Orthogonal vector

  • Thread starter Grand
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  • #1
Grand
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Homework Statement


Construct a third vector which is orthogonal to the following pair and normalize all three vectors:
[tex]\underline{a}=(1-i,1,3i), \underline{b}=(1+2i,2,1)[/tex]


Homework Equations


[tex]\underline{c}.\underline{a}=0[/tex] and [tex]\underline{c}.\underline{b}=0[/tex] where c=(x y z)


The Attempt at a Solution

 

Answers and Replies

  • #2
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Your relevant equations are a good start, so use them.
 
  • #3
Grand
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The question is, how do we make a dot product when the vectors are complex? Is it the same way as real vectors or not?
 
  • #5
Dick
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Do it the same way.

Not exactly. You take the complex conjugate of the first vector before you multiply the components. Otherwise <x,x>>=0 doesn't work.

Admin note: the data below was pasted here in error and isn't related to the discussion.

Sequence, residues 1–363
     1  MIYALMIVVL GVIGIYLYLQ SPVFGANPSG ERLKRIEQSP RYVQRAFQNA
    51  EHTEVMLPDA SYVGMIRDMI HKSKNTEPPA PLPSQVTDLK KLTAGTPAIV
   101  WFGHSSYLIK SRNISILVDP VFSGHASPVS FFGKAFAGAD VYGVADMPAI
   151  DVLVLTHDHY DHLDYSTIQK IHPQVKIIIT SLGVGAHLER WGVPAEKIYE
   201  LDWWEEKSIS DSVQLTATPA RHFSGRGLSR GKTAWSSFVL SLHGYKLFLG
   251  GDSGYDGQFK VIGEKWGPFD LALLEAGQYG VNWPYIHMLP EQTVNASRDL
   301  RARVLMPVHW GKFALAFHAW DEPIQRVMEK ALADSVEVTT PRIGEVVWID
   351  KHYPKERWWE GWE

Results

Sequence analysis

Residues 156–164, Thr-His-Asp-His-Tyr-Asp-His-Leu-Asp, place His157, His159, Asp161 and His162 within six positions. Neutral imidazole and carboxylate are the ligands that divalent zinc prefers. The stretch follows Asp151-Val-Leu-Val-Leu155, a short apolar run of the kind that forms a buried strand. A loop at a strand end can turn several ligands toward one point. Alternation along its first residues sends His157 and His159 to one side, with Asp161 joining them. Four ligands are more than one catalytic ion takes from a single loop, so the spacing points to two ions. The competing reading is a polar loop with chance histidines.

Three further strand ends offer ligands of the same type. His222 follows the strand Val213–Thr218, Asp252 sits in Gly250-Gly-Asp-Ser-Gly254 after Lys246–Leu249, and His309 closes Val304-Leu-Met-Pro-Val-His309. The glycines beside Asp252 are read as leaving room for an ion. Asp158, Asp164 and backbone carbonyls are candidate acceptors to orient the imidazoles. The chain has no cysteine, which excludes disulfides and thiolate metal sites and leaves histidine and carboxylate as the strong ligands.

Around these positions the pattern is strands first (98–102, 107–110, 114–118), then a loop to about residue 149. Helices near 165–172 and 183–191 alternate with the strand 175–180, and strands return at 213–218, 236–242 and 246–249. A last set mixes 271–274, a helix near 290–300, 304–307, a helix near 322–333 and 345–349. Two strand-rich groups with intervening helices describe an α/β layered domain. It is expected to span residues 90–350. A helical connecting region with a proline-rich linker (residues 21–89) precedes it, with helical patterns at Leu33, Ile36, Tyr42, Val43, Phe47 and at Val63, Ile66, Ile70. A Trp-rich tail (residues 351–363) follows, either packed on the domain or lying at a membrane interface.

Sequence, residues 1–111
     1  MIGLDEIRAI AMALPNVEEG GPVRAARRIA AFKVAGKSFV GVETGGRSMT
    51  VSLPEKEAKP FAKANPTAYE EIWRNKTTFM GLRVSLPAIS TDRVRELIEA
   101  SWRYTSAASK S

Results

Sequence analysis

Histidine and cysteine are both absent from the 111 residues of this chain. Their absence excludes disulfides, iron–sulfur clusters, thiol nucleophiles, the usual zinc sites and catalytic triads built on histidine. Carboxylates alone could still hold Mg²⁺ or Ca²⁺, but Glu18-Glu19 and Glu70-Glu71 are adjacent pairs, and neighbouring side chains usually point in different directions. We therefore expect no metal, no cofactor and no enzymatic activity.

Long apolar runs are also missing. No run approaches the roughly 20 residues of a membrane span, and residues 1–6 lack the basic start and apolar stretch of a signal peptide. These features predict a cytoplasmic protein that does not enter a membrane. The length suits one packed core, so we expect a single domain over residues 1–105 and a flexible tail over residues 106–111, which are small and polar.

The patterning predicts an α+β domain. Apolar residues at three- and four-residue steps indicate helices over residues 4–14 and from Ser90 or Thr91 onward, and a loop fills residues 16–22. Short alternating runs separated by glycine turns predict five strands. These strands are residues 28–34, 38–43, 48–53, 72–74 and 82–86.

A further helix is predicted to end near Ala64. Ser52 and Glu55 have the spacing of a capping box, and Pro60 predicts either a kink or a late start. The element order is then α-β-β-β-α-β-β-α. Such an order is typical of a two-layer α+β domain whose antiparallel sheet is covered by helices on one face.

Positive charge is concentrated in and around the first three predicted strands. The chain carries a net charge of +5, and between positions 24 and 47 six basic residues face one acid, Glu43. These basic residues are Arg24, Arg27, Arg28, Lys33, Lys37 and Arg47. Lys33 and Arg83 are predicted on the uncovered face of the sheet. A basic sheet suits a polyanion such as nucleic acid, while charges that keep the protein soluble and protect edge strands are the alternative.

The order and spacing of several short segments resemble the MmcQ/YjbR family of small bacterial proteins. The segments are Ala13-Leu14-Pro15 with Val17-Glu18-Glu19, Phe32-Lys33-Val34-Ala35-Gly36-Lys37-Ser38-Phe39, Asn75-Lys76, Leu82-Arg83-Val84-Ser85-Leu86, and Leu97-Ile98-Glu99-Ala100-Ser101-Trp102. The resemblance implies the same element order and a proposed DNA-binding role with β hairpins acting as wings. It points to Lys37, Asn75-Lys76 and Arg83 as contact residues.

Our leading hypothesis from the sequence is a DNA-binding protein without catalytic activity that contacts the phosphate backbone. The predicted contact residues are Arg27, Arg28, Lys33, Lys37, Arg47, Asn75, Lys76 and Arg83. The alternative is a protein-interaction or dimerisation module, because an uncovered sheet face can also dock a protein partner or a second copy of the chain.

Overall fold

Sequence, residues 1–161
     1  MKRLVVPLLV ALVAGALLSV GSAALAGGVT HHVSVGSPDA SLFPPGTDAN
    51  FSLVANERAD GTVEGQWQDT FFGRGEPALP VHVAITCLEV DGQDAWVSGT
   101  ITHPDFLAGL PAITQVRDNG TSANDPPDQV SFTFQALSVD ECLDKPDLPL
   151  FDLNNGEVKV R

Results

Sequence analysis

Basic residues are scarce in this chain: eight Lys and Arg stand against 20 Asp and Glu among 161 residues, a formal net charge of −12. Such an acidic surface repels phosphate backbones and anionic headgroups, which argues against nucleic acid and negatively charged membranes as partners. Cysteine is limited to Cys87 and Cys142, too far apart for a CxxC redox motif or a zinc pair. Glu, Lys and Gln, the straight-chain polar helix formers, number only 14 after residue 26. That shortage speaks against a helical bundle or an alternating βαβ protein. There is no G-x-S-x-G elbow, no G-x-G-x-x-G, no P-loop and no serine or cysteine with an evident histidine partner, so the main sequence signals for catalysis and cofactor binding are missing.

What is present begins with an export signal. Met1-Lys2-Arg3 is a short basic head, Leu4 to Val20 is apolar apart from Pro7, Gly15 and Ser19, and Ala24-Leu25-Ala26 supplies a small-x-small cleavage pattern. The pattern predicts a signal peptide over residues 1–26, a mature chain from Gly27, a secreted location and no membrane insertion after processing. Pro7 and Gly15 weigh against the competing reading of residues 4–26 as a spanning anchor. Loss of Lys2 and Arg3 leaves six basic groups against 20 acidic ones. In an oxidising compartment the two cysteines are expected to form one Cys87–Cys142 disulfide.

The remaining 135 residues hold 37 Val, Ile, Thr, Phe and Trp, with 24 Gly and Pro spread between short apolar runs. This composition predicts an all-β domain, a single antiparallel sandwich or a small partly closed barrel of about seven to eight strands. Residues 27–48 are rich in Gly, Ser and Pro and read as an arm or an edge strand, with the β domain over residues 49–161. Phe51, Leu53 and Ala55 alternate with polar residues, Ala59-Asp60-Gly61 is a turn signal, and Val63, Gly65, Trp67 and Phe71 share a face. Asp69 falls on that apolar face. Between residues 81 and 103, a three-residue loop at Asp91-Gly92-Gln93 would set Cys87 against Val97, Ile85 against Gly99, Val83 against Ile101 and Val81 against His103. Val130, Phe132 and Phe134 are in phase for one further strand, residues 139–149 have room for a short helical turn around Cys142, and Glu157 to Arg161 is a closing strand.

• #6
Apphysicist
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Not exactly. You take the complex conjugate of the first vector before you multiply the components. Otherwise <x,x>>=0 doesn't work.

I'm not familiar with complex vectors, but since you want a vector that is orthogonal to both, rather than trying two dot products, wouldn't it be prudent to use a cross product?
 
  • #7
HallsofIvy
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That would be the method I would choose, but as Dick says, the only difference in dot product with complex components is that you use the complex conjugates of the components of one vector.
 
  • #8
Dick
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That would be the method I would choose, but as Dick says, the only difference in dot product with complex components is that you use the complex conjugates of the components of one vector.

I think that difference is important. I think if you take the usual definition of 'cross-product' with the complex notion of dot product, it isn't true that the cross product is orthogonal to the vectors in the product. The cross product is pretty specifically three real dimensional. C^3 isn't really three dimensional in that sense. I think you should just solve the linear equations.
 

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